A good reminder came via this Instagram post. Thanks to Meg for sharing it!
I’m a little late to the party, true. Lettie’s post talks about her given name – handed down from her grandmother – in the context of Black History Month. “I think about what it meant to decide on your own name and the humanity in that.”
While I don’t want to take away anything from the purpose of her post – there is a unique and painful legacy that she’s describing – I do want to celebrate the power of family names. They can keep history alive in ways that we might not recognize at the moment of our child’s birth.
So much of our family history slips away when we’re not paying attention. It’s moving to see a capable, intelligent woman thinking and writing about her name so deeply.
Of course, names can resonate with purpose and meaning even when they don’t honor loved ones. The stories behind why choose the names? Those can be powerful.
Of course, a great many family names seem downright un-stylish right now. Laura Wattenberg asks if there is there any hope for 1940s and 50s names? Happily, she finds some intriguing hints that a few of them are early-stage revival … and might point the way to reinventing midcentury favorites for this generation.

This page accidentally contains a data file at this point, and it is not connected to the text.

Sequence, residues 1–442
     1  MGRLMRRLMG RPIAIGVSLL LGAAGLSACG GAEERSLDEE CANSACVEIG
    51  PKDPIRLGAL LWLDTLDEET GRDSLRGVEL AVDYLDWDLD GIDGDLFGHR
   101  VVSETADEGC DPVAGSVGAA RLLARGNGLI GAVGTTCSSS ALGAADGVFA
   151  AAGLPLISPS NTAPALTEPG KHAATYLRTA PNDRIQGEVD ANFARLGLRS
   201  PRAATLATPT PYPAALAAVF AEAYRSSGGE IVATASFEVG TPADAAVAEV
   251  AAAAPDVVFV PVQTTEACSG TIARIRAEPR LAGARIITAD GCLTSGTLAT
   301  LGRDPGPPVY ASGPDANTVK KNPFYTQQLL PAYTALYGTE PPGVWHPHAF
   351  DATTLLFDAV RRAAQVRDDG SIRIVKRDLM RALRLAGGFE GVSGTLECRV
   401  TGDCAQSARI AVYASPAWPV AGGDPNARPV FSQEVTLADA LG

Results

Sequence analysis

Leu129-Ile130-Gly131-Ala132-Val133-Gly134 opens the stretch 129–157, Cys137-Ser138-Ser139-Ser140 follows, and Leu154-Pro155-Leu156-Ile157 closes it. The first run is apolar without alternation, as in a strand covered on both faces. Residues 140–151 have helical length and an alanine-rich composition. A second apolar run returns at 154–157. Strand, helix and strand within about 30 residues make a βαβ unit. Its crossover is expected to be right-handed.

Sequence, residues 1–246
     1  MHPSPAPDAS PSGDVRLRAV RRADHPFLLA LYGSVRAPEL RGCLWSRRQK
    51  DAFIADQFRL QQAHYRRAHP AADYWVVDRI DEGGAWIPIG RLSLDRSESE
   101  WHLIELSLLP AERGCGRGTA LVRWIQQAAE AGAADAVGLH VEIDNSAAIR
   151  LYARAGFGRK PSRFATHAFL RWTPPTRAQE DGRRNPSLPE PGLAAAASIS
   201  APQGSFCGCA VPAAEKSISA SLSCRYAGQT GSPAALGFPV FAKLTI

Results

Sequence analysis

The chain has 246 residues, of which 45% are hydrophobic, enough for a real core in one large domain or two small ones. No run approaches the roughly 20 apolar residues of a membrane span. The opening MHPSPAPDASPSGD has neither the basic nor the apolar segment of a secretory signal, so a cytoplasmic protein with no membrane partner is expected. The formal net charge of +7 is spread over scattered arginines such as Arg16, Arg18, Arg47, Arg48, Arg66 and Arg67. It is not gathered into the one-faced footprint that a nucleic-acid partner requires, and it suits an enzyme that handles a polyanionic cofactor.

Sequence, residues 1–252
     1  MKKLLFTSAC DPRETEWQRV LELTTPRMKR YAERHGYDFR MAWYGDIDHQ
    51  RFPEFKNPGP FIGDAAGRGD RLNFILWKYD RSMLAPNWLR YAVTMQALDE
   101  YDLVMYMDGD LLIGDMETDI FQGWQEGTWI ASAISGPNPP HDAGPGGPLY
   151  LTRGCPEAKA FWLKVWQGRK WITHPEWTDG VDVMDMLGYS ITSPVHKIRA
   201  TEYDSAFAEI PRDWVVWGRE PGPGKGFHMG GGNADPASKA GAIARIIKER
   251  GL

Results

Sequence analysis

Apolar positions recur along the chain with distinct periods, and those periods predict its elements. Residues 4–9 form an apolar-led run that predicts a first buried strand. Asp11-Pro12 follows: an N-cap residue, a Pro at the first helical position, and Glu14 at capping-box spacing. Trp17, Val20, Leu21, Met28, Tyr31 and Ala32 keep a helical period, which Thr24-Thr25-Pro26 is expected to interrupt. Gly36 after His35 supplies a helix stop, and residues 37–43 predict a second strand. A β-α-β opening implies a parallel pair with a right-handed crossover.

Have you voted in March Madness baby names yet? The girls’ final is down to Maisie or Magnolia. And on the boys’ side, it’s Raphael or Reid. So curious to see which names win, and it’s your vote that decides!
Bring on the boys named Ragnarok, Ethelred, Endeavour, and Nicabar! Or maybe not. The names on this list of extravagant boy names at Nameberry are just that. And yet … even as I’d be stunned to meet a Hiawatha or a Halifax, some of my personal favorites – like Caradoc + Nicanor make the list. And I just wrote about Campion and totally talked myself into it.
Speaking of boy names … I’m fascinated by these Edwardian choices. Baxter, Bascom, and hey, a shout-out for Sylvester, as in Emily Ratajkowski’s new baby.
But my favorite bit of name news this week is Bindi’s baby! Welcome to the world, Grace Warrior Irwin Powell. I stumbled on the family’s reality show a few weeks ago, and was completely captivated by the Irwins. Bindi seems like a mix of devoted zookeeper and Disney princess come to life. And now I’m wondering how crazy it would be to travel to the Australia Zoo in some future moment. You might recognize Warrior as a shout-out to Bindi’s late father, Steve Irwin. But Grace is also a family name, on both sides of the family.
Which, of course, takes us back full circle. Family names aren’t always the right direction, but when they work, they can be amazing.
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